ECB watchdog sees no contagion in Europe after bank bailouts in the US and Switzerland

March 17 (Reuters) – Regulators at the European Central Bank see no contagion to euro-zone banks from the latest turmoil, a source said on Friday after US lenders First Republic Bank (FRC.N) offered a 30 billion lifeline US dollars tossed and record amounts tapped by the federal government Reserve.

Big US banks stepped in on Thursday to bail out the San Francisco-based lender caught in market volatility sparked by the collapse of two other mid-sized US banks.

The bailout came shortly after ailing Credit Suisse (CSGN.S) drew up to $54 billion in emergency central bank credit to shore up its liquidity. Shares in Switzerland’s second largest bank fell again on Friday despite the move.

The ECB, which raised interest rates on Thursday, held another ad hoc supervisory board meeting earlier this week in an unusual move ahead of a scheduled meeting next week.

ECB supervisors did not see the market turmoil contaging euro-zone banks, a source familiar with the meeting told Reuters, adding that supervisors were told deposits in euro-zone banks remained stable and exposure was at is immaterial to Credit Suisse.

“While markets are relieved that the Swiss central bank has intervened, sentiment is bound to remain very fragile as investors are likely to worry about the potential economic impact of aggressive monetary tightening by the ECB,” said Frédérique Carrier, head of the investment strategy for RBC Wealth Management.

Frankfurt-listed shares of First Republic were up as much as 5% in early trade on Friday. Shares of the bank closed up 10% in New York on Thursday but fell 17% in after-market trading after it revealed its cash position and needed emergency liquidity. They were said to be 5% lower in US premarket trading on Friday.

While the two deals and actions by policymakers have helped calm global markets somewhat, after a hot week for bank stocks, analysts and investors are still concerned that the potential for a full-blown banking crisis is far from over.

The level of stress was underscored by Thursday’s data showing banks in the US have requested record amounts of emergency liquidity from the Fed in recent days, sending the central bank’s balance sheet soaring after months of contraction.

The deal with the First Republic was put together by those in power including US Treasury Secretary Janet Yellen, Fed Chair Jerome Powell and JP Morgan CEO Jamie Dimon, a source familiar with the situation said.

“They’re going to keep the money in First Republic to keep it alive out of self-interest… to stop the bank run. Then they will gradually take it away and the bank will play out a slow death,” Mathan Somasundaram, founder of research firm Deep Data Analytics in Sydney, said on Friday.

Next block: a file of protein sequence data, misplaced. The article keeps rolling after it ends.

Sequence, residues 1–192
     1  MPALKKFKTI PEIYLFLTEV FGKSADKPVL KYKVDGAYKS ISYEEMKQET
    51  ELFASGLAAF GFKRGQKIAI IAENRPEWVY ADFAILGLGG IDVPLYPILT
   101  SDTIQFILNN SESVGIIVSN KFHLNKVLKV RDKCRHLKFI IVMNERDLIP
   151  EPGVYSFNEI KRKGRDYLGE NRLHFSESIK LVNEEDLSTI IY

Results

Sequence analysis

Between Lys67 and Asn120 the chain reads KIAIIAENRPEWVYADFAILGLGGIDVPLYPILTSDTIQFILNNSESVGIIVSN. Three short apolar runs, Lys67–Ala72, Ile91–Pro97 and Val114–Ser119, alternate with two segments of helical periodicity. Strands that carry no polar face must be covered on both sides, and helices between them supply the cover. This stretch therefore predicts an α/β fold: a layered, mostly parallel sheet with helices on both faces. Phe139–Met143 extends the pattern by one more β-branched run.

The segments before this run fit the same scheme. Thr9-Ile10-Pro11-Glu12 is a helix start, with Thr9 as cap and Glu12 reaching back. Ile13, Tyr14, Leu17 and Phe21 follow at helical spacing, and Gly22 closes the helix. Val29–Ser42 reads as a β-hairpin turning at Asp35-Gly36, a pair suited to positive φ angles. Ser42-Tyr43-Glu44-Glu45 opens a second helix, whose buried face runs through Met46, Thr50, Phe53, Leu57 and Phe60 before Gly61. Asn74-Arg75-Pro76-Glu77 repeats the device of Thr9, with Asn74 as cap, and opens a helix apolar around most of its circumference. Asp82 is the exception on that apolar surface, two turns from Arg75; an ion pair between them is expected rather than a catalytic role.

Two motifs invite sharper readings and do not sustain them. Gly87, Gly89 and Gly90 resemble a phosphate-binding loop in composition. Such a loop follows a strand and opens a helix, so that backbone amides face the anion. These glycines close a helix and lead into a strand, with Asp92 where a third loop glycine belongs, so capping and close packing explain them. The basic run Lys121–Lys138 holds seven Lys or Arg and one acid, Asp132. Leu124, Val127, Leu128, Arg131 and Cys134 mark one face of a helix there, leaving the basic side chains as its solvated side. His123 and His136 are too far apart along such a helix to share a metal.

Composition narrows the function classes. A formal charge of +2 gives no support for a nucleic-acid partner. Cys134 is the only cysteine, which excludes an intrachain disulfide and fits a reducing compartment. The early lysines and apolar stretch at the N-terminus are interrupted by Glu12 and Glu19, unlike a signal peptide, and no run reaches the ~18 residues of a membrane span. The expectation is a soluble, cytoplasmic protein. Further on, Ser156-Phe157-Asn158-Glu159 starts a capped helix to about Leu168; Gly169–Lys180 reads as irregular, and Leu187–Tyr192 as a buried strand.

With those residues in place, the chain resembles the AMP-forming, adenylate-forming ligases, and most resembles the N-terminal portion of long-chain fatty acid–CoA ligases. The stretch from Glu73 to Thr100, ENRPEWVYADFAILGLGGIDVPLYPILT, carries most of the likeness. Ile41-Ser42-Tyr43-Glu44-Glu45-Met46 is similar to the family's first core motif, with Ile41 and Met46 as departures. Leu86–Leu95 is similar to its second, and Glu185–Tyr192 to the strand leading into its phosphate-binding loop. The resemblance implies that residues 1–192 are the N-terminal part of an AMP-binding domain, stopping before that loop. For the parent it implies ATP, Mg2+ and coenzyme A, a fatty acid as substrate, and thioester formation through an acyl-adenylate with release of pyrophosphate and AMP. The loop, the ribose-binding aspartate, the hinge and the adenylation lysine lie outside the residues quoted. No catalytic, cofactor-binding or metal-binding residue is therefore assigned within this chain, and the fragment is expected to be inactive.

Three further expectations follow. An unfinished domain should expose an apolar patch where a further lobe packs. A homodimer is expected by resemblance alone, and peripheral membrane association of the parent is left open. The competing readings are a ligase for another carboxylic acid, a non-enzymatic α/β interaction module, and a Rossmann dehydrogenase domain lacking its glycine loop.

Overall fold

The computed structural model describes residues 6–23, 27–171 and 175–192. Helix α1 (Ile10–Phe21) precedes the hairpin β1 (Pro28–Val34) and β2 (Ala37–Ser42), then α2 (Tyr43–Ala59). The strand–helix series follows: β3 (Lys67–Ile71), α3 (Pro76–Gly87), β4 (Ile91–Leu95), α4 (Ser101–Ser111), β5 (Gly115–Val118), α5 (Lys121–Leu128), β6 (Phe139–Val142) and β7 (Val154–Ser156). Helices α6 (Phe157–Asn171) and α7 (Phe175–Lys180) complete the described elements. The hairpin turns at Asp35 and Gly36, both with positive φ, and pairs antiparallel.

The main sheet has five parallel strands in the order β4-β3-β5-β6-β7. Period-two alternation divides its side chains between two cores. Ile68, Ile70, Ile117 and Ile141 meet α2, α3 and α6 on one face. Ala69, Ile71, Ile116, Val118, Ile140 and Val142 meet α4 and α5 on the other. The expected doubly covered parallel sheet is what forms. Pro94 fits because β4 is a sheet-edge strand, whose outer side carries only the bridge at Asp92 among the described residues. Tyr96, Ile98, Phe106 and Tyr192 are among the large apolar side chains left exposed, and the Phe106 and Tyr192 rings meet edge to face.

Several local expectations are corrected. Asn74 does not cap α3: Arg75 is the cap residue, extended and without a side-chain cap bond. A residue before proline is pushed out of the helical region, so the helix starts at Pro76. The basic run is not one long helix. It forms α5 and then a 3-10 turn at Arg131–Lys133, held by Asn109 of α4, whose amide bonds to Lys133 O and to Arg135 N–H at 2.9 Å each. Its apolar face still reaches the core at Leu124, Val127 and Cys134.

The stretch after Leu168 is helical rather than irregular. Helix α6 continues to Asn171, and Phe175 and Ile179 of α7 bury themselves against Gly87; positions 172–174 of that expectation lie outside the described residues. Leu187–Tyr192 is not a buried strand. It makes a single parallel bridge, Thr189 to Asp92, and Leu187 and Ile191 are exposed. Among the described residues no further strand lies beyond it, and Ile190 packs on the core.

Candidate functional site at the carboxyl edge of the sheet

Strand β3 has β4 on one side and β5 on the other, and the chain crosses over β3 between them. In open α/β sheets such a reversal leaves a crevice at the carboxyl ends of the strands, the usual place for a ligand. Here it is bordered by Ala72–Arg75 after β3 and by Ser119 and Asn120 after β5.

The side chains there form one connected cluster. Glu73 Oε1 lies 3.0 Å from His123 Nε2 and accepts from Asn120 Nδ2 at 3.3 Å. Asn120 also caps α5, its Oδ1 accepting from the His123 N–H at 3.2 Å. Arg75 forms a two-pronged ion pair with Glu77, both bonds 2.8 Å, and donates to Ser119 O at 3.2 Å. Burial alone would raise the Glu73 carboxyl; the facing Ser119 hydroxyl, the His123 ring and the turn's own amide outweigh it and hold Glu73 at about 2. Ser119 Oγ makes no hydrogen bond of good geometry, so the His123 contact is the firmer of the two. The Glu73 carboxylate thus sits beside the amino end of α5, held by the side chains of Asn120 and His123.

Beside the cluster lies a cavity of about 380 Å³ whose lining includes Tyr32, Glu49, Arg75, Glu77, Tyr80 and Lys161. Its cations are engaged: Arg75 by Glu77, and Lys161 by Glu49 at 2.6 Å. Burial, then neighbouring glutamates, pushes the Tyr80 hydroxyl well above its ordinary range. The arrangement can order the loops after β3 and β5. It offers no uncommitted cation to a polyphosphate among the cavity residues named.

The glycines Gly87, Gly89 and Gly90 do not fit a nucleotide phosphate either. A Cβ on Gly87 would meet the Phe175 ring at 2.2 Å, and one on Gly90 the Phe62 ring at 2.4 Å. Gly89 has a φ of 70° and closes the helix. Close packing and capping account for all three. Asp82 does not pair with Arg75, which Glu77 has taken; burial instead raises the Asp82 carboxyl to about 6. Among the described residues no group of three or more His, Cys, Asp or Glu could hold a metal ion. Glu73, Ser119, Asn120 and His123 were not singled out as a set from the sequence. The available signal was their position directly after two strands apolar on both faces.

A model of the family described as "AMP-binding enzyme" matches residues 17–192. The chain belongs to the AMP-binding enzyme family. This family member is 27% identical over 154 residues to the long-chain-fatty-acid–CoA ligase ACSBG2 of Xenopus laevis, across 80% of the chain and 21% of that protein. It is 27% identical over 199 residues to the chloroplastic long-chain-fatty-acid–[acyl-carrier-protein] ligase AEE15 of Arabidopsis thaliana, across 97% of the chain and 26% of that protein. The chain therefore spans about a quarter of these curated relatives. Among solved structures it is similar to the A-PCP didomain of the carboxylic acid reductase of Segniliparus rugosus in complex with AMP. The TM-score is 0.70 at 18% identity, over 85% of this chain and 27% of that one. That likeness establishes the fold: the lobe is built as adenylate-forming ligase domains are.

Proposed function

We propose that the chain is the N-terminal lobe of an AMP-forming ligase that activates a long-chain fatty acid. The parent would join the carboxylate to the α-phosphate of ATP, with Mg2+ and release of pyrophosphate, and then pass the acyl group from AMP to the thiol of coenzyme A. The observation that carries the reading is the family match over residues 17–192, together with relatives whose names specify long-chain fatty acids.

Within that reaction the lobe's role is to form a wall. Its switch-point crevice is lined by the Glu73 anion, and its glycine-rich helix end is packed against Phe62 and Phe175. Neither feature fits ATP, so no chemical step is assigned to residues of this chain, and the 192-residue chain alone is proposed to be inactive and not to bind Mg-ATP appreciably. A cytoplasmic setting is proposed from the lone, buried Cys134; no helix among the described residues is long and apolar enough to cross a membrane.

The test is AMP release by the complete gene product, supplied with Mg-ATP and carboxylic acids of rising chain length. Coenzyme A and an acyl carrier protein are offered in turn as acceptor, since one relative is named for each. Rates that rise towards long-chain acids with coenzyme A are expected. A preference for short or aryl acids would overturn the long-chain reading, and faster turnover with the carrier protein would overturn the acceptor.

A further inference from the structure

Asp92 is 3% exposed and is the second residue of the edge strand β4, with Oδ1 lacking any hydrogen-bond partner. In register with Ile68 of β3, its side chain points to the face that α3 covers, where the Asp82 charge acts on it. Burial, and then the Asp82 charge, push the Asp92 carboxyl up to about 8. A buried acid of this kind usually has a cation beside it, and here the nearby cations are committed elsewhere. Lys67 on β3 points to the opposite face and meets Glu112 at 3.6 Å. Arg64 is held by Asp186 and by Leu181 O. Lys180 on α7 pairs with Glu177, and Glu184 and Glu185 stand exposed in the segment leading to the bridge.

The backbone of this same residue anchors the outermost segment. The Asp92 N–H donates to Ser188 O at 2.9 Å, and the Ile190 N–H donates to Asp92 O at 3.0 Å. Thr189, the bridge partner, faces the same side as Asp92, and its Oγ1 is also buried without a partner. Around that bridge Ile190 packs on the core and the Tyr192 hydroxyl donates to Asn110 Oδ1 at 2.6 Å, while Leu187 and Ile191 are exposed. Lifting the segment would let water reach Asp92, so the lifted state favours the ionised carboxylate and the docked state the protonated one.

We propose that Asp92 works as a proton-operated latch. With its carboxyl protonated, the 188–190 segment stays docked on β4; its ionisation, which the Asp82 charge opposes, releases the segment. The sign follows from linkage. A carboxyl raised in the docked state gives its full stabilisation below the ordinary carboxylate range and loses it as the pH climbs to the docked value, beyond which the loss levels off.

Collapse of the First Republic Bank stock markets

Some of the largest US banks such as JP Morgan Chase & Co (JPM.N), Citigroup Inc (CN), Bank of America Corp (BAC.N), Wells Fargo & Co (WFC.N), Goldman Sachs (GS.N ) and Morgan Stanley (MS.N) were involved in the rescue, according to the banks.

While support has prevented an imminent collapse, investors were spooked by First Republic’s late releases.

“People are concerned that the risk of contagion is real and that is shaking confidence,” said Karen Jorritsma, head of Australian equities at RBC Capital Markets.

“I don’t think we are at the heart of a global financial crisis. Balance sheets are much better than 2008, banks are better regulated,” she added.

Credit Suisse became the first major global bank to deploy a lifeline since the 2008 financial crisis amid doubts over central banks’ ability to sustain aggressive rate hikes to curb inflation.

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For now, authorities are confident in the banking system’s resilience and have tried to emphasize that the current turmoil is different from the global financial crisis 15 years ago, with banks better capitalized and funds more readily available.

The ECB pushed for its 50bps rate hike, arguing that eurozone banks are in good shape and that higher rates should rather strengthen their margins.

The focus now turns to the Fed’s policy decision next week and whether it will stick with its aggressive rate hikes to keep inflation under control.

In Asia, Singapore, Australia and New Zealand said they are watching financial markets but are confident their local banks are well capitalized and able to withstand major shocks.

While capital remains adequate, analysts say a A$300 billion ($201 billion) refinancing task for Australia’s biggest banks will soon become more difficult as appetite for new debt dwindles.

Japan’s finance ministry, financial regulator and central bank said they would meet on Friday to discuss developments.

Bank stocks have been battered around the world since Silicon Valley Bank collapsed last week on bond-related losses that piled up as interest rates rose over the past year, raising questions about what else might be lurking in the broader banking system.

Reporting by Pete Schroeder and Chris Prentice in Washington, Nupur Anand in New York, Tom Westbrook and Rae Wee in Singapore, Scott Murdoch in Sydney, Noel Randewich in Oakland, California, Balazs Koranyi, Francesco Canepa and John O’Donnell in Frankfurt, John Revill in Zurich; writing by Deepa Babington, Sam Holmes and Alexander Smith; Edited by Sonali Paul and Kirsten Donovan

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